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#childsafety | Time To Redecorate Your Child’s Room | #parenting | #parenting | #kids


It often feels like our kids are growing overnight. Suddenly, the pajamas you could’ve sworn they just wore last weekend no longer fit, or the new pair of shoes you bought them is already too snug. Kids don’t just grow fast physically; their developmental achievements are astounding as well. How are you supposed to keep up with all the growth?

The “when” and “how” of redecorating your child’s bedroom is ultimately up to your family. There are many things to consider: time, budget, upcoming milestones, the preferences of you and your child – the list goes on and on. If you’ve been contemplating redecorating your child’s room but aren’t sure how to tell if the time is “right,” read on for a few helpful things to consider.

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RELATED: 10 Ways To Minimize Your Toddler’s Room

The Room is No Longer Functional

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This is probably the most obvious reason parents begin to think about revamping their child’s room. When your child has made major developmental strides, they can quickly outgrow their environment. Things that can spur this type of renovation are transitions, like moving into their own room or switching from a crib to a toddler bed.

Apartmenttherapy.com also encourages you to look for things in your child’s room that might be considered “dysfunctionally young.” Finding leftover storage accessories for small toys and baby items when what your child actually needs is space for a new desk, may be your sign that the current room design is no longer working.

When a big change is in store, redecorating serves two purposes: the room will better suit your child’s developmental needs and abilities, and your child will have the chance to participate and adjust as the change unfolds around them.

Transitioning to a new room or a new bed is an exciting time, but it can also be a time of fear and uncertainty for your child. Including them in the process can help give them a sense of control over their new environment. Talk to your child about the upcoming changes and start asking for their input. Simply Family Magazine offers additional tips to help your child during periods of transition.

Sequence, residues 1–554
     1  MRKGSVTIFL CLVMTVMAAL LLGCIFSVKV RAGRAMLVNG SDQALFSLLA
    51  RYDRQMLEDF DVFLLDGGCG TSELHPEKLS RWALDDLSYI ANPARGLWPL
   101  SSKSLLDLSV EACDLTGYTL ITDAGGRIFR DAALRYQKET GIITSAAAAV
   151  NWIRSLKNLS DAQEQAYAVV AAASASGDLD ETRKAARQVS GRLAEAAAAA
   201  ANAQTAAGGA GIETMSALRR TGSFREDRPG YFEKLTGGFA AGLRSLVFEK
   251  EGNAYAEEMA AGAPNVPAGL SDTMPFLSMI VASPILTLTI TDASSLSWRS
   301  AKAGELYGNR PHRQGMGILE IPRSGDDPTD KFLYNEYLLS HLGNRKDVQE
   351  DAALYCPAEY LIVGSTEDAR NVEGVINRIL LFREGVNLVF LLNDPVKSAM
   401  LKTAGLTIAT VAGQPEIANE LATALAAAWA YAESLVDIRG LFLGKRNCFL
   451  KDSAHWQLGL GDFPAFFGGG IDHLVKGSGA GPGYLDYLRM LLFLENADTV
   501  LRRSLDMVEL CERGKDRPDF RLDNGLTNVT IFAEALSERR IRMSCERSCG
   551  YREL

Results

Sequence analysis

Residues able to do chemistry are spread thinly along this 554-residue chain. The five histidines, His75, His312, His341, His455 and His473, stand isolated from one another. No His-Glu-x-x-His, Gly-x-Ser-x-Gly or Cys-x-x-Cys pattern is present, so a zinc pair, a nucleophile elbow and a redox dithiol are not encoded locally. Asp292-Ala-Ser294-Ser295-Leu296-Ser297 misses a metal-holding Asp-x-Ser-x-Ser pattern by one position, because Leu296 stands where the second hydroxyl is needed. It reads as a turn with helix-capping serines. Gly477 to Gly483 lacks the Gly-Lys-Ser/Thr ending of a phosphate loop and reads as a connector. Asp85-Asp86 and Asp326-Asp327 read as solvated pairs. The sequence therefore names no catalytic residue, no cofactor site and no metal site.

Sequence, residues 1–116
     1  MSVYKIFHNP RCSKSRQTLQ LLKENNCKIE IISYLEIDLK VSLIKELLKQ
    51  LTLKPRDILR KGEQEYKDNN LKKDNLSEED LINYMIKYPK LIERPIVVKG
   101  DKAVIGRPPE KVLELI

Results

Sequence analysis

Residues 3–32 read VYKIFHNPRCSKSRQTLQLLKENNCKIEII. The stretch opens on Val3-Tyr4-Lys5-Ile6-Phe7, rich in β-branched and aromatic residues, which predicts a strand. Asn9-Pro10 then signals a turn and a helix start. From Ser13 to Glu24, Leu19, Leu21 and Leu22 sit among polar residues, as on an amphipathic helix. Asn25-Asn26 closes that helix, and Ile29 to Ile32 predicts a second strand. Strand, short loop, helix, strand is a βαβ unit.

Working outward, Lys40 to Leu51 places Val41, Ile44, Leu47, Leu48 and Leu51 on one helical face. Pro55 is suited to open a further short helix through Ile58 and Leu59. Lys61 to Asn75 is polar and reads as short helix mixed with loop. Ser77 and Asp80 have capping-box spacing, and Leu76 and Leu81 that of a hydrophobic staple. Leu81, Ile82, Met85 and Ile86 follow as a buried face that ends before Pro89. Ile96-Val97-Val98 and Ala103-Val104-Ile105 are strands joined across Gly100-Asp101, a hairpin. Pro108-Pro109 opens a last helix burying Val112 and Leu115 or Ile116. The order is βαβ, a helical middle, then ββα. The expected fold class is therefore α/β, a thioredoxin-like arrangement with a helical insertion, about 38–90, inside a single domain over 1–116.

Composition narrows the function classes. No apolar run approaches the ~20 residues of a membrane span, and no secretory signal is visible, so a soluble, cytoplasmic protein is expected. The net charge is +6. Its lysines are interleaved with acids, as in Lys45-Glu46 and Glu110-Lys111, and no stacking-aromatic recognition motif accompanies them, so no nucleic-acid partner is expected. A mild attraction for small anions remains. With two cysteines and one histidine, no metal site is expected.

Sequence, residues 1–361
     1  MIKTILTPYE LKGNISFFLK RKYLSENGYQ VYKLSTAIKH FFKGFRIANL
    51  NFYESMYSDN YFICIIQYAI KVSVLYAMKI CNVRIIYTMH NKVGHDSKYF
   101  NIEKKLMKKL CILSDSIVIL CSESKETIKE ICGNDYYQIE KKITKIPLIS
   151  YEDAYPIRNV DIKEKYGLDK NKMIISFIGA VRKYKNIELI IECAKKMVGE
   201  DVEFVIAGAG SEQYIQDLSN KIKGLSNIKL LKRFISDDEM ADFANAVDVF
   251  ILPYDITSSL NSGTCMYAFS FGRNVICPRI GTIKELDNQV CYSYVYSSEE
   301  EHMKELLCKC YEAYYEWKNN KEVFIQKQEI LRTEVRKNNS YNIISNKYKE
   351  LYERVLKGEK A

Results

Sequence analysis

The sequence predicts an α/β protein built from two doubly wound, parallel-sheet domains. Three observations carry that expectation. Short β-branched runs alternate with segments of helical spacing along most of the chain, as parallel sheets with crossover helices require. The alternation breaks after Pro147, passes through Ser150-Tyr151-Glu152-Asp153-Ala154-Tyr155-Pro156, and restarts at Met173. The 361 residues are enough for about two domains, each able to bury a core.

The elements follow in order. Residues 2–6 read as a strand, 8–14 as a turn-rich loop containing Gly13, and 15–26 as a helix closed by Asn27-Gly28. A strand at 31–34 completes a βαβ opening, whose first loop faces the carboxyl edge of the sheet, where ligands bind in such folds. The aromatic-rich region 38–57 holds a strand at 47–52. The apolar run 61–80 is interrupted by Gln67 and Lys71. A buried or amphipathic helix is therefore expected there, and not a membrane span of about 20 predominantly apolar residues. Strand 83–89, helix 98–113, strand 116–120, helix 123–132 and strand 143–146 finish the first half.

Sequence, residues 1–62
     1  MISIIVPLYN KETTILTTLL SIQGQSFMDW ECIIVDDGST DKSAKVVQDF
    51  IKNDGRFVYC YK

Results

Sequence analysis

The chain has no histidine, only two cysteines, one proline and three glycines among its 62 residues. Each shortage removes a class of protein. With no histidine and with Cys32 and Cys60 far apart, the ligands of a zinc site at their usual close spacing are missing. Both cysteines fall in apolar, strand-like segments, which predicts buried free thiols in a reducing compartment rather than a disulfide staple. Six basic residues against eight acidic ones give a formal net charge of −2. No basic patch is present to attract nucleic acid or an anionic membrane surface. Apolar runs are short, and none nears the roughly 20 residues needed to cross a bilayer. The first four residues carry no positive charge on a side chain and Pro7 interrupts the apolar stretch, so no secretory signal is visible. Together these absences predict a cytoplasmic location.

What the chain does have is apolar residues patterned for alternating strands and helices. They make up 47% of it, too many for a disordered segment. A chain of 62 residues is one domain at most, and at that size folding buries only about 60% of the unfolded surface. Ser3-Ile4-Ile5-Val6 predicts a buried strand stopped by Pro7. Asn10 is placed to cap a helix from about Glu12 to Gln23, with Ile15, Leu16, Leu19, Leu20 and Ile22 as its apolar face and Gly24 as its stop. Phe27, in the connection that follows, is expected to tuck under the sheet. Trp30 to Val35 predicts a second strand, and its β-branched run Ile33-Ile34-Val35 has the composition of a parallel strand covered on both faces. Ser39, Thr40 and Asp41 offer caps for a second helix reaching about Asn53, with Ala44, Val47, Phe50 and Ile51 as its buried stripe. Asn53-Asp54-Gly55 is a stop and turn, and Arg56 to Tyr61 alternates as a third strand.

The Room Doesn’t Reflect Your Child

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This need for change may be a bit less apparent to parents, especially as your children grow older and become more independent. Changing beds is no longer on your radar, and an increased desire for privacy may mean you are spending less time admiring redecorations of the past. You might walk by your daughter’s open door one morning and suddenly realize the walls are still painted bright pink with the tattered The Little Mermaid border hanging on for dear life. There’s nothing inherently wrong with this room’s décor except that your child’s favorite color hasn’t been pink in ages, and you can’t remember the last time she watched The Little Mermaid. Oops!

It happens and we’ve all been there. If you begin to notice discrepancies between the room’s style and your child’s preferences, now may be a good time to ask them if they’d like to redecorate. Metro Parent interviewed Susanna Salk, design expert, regarding the importance of letting a child help decorate their room so that it reflects their personal style and preferences. “(It) couldn’t be more important for their room to be a reflection of who they are, who they want to be,” Salk says. By allowing them to have a say in the look and feel of their bedrooms, “you’re showing them how important it is to create a sense of comfort for themselves – a sense of safety.”

Additional Things To Keep In Mind

stack of coins
Via: Pixabay

Redecorating a room isn’t a spur-of-the-moment decision, and there are additional considerations for each family. While the items above should certainly be used to help you get an idea on when to redecorate your child’s room, it is also okay to be aware of your own limitations and adjust as you are able.

Time and finances are some of the less exciting realities that come with redecoration. Before jumping into a large-scale room overhaul, decide what will work for your family. If you are crunched for time or have a limited budget but strongly feel your child is ready for a change, take baby steps. You can still include them in the process, but the changes will be more gradual and perhaps of a smaller scale.

Spread out you projects to get things done within a limited time and lessen the burden on your wallet. One weekend might be dedicated to looking through and picking out paint samples. The next weekend you might go buy the paint and get to work. Spending additional time exploring room possibilities is free, will keep your kids engaged, and will still make it feel like their room is progressing. There is nothing wrong with making one change at a time.

READ NEXT: Teaching Your Child To Keep Their Room Neat Has Many Benefits

Sources: apartmenttherapy.com, simplyfamilymagazine.com, metroparent.com

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